Other competitors

Other competitors

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There were also various other applications on the PC-compatible market that featured various degrees of windowing, multi-tasking and/or task switching capabilities. Some I was able to find in period press: Matrix Software Technology Synergy, Trillian VisuALL, Scientia ConceptVP, InView, APX Core Executive, Sorcim/IUS Easyplus, WindowMaster, Arktronics Jane and Softlogic Software Carousel. Most of these appear to have been text-mode task switchers with limited windowing and multi-tasking capabilities that left little impact on the market.

Synergy seems like a very Mac-like GUI, promissing multitasking, icons, menus and windows while only using 12K of memory. This all seems to good to be true, and information on the program is scarce - it was announced in July 1985, still wasn't released by early 1986, but somehow made 1 million dollars in sales by 1988. I could only find one low-quality photo in the March 1987 issue of Australian Personal Computer, where it indeed seems to be very similar to Mac and GEM.

Arktronics Jane was initially a Commodore 64 and Apple II GUI, but was apparently ported to the PC as well by 1984. Information about the PC port is scarce.

More simplistic were the so called "desktop organizers", which allowed the display of overlapping desktop accessories, such as a calculator, over the running DOS program - not unlike how the Macintosh desktop accessories worked. The most famous of these programs was of course Borland Sidekick. Other better known products of this type include Software Arts Spotlight (later sold by Lotus), Popcorn Desktop, Advanced Software Technologies Genie, Sunflower Software Informer, Barry Watzman's Perks, Right Hand Man and Software Wizardry Whiz. For some people, even a simple DOS shell for basic file management and program launching was enough - and these were everywhere, almost like everyone and their grandma made one.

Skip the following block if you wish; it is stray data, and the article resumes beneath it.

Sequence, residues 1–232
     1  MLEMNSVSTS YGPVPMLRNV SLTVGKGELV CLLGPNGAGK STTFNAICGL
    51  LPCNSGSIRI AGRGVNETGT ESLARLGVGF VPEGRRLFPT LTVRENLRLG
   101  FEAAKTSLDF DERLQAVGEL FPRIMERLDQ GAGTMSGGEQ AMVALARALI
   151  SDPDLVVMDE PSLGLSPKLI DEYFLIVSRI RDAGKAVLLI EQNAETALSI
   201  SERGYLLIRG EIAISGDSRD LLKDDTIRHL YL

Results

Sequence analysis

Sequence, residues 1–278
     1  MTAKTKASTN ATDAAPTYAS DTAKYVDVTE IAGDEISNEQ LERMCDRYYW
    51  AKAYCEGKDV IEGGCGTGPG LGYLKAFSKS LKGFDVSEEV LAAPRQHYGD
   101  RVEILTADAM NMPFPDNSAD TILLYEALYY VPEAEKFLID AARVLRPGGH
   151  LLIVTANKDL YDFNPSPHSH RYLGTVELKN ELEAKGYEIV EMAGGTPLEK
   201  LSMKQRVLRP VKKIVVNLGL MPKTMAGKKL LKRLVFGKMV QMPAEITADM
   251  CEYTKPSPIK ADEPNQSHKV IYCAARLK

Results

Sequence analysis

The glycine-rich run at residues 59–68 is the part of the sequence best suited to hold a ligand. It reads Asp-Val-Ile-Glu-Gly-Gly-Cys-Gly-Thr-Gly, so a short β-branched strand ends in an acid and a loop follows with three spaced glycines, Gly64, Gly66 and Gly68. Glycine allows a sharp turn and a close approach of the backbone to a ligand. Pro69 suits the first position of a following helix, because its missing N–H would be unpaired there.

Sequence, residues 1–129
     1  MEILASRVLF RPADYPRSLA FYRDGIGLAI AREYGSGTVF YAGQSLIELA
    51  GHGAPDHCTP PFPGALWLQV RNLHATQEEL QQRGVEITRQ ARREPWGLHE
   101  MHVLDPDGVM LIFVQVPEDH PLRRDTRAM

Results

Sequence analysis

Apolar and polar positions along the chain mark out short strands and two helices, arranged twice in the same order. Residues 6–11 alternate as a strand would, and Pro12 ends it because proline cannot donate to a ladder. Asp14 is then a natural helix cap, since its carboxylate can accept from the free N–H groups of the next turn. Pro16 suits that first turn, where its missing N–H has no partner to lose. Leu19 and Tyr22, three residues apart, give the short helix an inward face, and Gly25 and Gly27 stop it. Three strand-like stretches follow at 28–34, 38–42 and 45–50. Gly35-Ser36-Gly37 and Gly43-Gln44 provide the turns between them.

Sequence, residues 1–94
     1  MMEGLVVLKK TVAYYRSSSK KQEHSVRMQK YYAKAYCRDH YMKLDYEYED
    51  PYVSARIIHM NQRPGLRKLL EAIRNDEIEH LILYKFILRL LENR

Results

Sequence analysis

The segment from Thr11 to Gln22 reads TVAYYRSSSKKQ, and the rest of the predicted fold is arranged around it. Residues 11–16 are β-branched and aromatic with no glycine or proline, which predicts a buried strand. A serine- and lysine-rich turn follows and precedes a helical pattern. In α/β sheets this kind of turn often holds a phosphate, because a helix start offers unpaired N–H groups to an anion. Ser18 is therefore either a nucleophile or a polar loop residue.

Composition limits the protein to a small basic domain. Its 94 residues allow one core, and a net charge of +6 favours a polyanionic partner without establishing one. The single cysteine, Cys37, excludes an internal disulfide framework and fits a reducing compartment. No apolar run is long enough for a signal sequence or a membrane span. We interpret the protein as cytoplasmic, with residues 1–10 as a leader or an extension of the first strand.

The Apple II series had several different GUIs over its lifetime. One of these was a third party Macintosh-like GUI called MouseWorks. Apple eventually licensed it and rebranded it as the Apple II Desktop. It ran on both 8-bit Apple II models as well as on the 16-bit IIgs. On the latter it was eventually replaced by GS/OS, a more advanced native 16-bit system that evolved from the earlier ProDOS. MouseWorks competed with Quark Catalyst, a very similar-looking GUI, also for the 8-bit Apple IIe. Despite their similar looks, the two products are not related. 8-bit Apple IIs could also run a port of the 8-bit GEOS (not to be confused with the later PC GEOS) system, originally made for Commodore 64, where it was quite popular.

Apricot Computers made their own little GUI called Activity for their F-series of computers running MS-DOS (not PC-compatible, though), starting with the F1 in 1984. Eventually they offered GEM and Windows as the GUI of choice, though Activity continued to be included on the system disks.